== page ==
A wave of attacks in Baghdad Thursday killed 57 people as Iraq faced a political crisis, with its vice president accused of running death squads and the premier warning he could break off power-sharing.
The apparently coordinated blasts and the murder of a family-of-five in restive Diyala province were the first major sign of violence in a row that has threatened Iraq’s fragile political truce and heightened sectarian tensions just days after US forces completed their withdrawal.
The Baghdad attacks, the deadliest in more than four months, largely coincided with the morning rush hour, and security forces cordoned off bomb sites, AFP correspondents and officials said.
Iraqi helicopters could be heard hovering overhead at many of the blast sites and emergency response vehicles rushed to the scene of attacks, while tightened security at checkpoints worsened Baghdad’s already choking traffic.
The attacks came in the Allawi, Bab al-Muatham and Karrada districts of central Baghdad, the Adhamiyah, Shuala and Shaab neighbourhoods in the north, Jadriyah in the east, Ghazaliyah in the west and Al-Amil and Dura in the south, the officials said.
Health ministry spokesman Ziad Tariq put the toll at 57 dead and 176 wounded in 10 attacks. An interior ministry official, speaking on condition of anonymity, said 63 people were killed and 185 wounded.
“They didn’t target any vital institutions or security positions,” Baghdad security spokesman Major General Qassim Atta told AFP. “They targeted children’s schools, day workers, the anti-corruption agency.”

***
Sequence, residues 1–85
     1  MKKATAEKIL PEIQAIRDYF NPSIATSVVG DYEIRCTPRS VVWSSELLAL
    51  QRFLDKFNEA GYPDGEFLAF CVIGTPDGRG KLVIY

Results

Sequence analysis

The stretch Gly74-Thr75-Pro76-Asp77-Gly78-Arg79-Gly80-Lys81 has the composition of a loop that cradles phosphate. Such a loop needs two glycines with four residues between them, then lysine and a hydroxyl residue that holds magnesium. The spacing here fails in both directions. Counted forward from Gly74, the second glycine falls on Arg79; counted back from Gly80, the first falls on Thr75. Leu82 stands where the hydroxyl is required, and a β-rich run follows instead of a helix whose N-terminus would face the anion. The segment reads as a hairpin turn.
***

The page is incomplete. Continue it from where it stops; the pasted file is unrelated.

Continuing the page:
Atta, who said there had been a dozen attacks aross the city, said it was “too early to say” who was behind the violence.
A family of five — parents, their two daughters and a son — were gunned down by insurgents in a suburb of the Diyala provincial capital Baquba, north of the capital, early on Thursday, medical and security officials said.
The father and son were both members of the anti-Qaeda Sunni tribal militia known as the Sahwa which sided with the US military from late-2006, helping turn the tide of the insurgency.
Thursday’s violence was the worst since August 15, when 74 people were killed and more than 200 wounded in a series of attacks across 17 Iraqi cities.
The attacks come with Iraqi politicians at loggerheads over a warrant issued for the arrest of Vice President Tareq al-Hashemi, with Prime Minister Nuri al-Maliki demanding that Kurdish authorities hand over the Sunni Arab leader, who is holed up in their autonomous region. Hashemi denies the charges.
Maliki has also called for his Sunni deputy Saleh al-Mutlak, who belongs to the same Iraqiya bloc as Hashemi, to be sacked after he described the Shiite-led government as a “dictatorship”.
Iraqiya, meanwhile, has boycotted parliament and the cabinet, and Maliki has threatened to replace their ministers in the year-old unity government.
Washington has urged calm, with the crisis coming just days after US troops completed their withdrawal, leaving behind what President Barack Obama had described as a “sovereign, stable, and self-reliant Iraq.”
At a news conference in Baghdad on Wednesday, Maliki called for Kurdish officials to transfer Hashemi, and warned Iraqiya that he would replace its nine cabinet ministers if they continued to boycott government sessions.
Hashemi denied the terror charges against him after the warrant was issued for his arrest on Monday, and insisted he is willing to stand trial on condition that it be held in the autonomous Kurdish region.
He has added that apparent confessions aired on state television linking him to attacks were “false” and “politicised.” His office has complained of “intentional harassment.”
Maliki and other leaders have called for talks to resolve the crisis, but the premier’s spokesman told AFP he would not accept any mediation over the charges against Hashemi.
Violence is down from its peak in Iraq in 2006 and 2007, but attacks remain common. A total of 187 people were killed in violence in November, according to official figures.